Implications of Shape Factors on Fate, Uptake, and Nanotoxicity of Gold Nanomaterials

dc.contributor.authorAbtahi, Seyyed Mohammad Hosseinen
dc.contributor.committeechairVikesland, Peter J.en
dc.contributor.committeememberMurphy, Catherine Jonesen
dc.contributor.committeememberMarr, Linsey C.en
dc.contributor.committeememberDucker, William A.en
dc.contributor.committeememberDavis, Richey M.en
dc.contributor.departmentCivil and Environmental Engineeringen
dc.description.abstractNoble metal nanoparticles such as gold and silver are of interest because of the unique electro-optical properties (e.g., localized surface plasmon resonance [LSPR]) that originate from the collective behavior of their surface electrons. These nanoparticles are commonly developed and used for biomedical and industrial application. A recent report has predicted that the global market for gold nanoparticles will be over 12.7 tons by year 2020. However, these surface-functionalized nanoparticles can be potential environmental persistent contaminants post-use due to their high colloidal stability in the aquatic systems. Despite, the environmental risks associated with these nanoparticles, just a few studies have investigated the effect of nanofeature factors such as size and shape on the overall fate/transport and organismal uptake of these nanomaterials in the aquatic matrices. This study presents a comprehensive approach to evaluate the colloidal stability, fate/transport, and organismal uptake of these nanoparticles while factoring in the size and shape related properties. We demonstrate the importance and effect of anisotropicity of a gold nanoparticle on the colloidal behavior and interaction with ecologically susceptible aquatic biota. We also show how readily available characterization techniques can be utilized to monitor and assess the fate/transport of this class of nanoparticles. We further describe and investigate the relationship between the aspect ratio (AR) of these elongated gold nanoparticles with clearance mechanisms and rates from the aquatic suspension columns including aggregation, deposition, and biopurification. We illustrate how a fresh water filter-feeder bivalve, Corbicula fluminea, can be used as a model organism to study the size and shape-selective biofiltration and nanotoxicity of elongated gold nanoparticles. The results suggest that biofiltration by C. fluminea increases with an increase in the size and AR of gold nanoparticle. We develop a simple nanotoxicity assay to investigate the short-term exposure nanotoxicity of gold nanoparticles to C. fluminea. The toxicity results indicate that for the tested concentration and exposure period that gold nanoparticles were not acutely toxic (i.e., not lethal). However, gold nanoparticles significantly inhibited the activities of some antioxidant enzymes in gill and digestive gland tissues. These inhibitions could directly affect the resistance of these organisms to a secondary stressor (temperature, pathogens, hypoxia etc.) and threaten organismal health.en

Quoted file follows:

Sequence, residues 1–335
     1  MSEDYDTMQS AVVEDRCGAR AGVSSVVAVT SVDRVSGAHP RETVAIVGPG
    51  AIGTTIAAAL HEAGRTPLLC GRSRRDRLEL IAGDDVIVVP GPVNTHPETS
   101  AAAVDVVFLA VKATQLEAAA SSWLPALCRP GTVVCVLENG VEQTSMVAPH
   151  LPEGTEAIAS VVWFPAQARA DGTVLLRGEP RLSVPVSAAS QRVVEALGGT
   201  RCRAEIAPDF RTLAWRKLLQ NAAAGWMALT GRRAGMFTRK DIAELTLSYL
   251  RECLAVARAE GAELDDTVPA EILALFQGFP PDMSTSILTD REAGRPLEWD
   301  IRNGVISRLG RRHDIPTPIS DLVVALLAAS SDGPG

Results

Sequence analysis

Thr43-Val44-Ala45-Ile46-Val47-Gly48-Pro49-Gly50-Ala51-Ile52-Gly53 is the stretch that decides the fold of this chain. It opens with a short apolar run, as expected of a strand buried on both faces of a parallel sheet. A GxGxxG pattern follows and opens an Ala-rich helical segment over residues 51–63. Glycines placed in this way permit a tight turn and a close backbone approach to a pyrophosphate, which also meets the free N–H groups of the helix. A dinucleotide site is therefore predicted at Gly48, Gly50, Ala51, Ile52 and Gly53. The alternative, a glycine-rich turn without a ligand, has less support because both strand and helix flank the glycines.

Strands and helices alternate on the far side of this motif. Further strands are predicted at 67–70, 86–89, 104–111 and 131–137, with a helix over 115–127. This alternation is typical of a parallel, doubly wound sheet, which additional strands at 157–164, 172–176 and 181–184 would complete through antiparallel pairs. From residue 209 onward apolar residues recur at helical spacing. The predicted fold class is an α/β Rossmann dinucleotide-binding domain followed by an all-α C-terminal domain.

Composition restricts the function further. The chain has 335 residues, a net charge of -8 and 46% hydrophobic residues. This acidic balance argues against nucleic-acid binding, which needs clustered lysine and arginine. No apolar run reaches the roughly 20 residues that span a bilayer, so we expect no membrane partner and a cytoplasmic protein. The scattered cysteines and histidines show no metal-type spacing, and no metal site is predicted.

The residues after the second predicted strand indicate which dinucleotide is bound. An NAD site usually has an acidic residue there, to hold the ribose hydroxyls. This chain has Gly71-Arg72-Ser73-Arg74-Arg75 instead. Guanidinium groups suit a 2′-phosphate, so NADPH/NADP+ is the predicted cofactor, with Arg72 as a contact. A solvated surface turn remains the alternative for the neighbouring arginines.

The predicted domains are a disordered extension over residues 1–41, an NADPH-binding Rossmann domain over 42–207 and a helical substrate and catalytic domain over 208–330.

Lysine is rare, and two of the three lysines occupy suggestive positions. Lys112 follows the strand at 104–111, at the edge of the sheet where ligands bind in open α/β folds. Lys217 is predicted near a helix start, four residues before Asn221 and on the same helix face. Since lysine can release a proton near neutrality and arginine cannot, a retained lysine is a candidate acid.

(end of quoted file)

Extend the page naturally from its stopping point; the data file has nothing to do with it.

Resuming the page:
dc.description.degreePh. D.en
dc.publisherVirginia Techen
dc.rightsIn Copyrighten
dc.subjectgold nanoparticlesen
dc.subjectgold nanorodsen
dc.subjectcolloidal stabilityen
dc.subjectCorbicula flumineaen
dc.subjectfate and transporten
dc.subjectVis-NIR spectroscopyen
dc.subjectDynamic light scattering (DLS)en
dc.titleImplications of Shape Factors on Fate, Uptake, and Nanotoxicity of Gold Nanomaterialsen
dc.typeDissertationen Engineeringen Polytechnic Institute and State Universityen D.en


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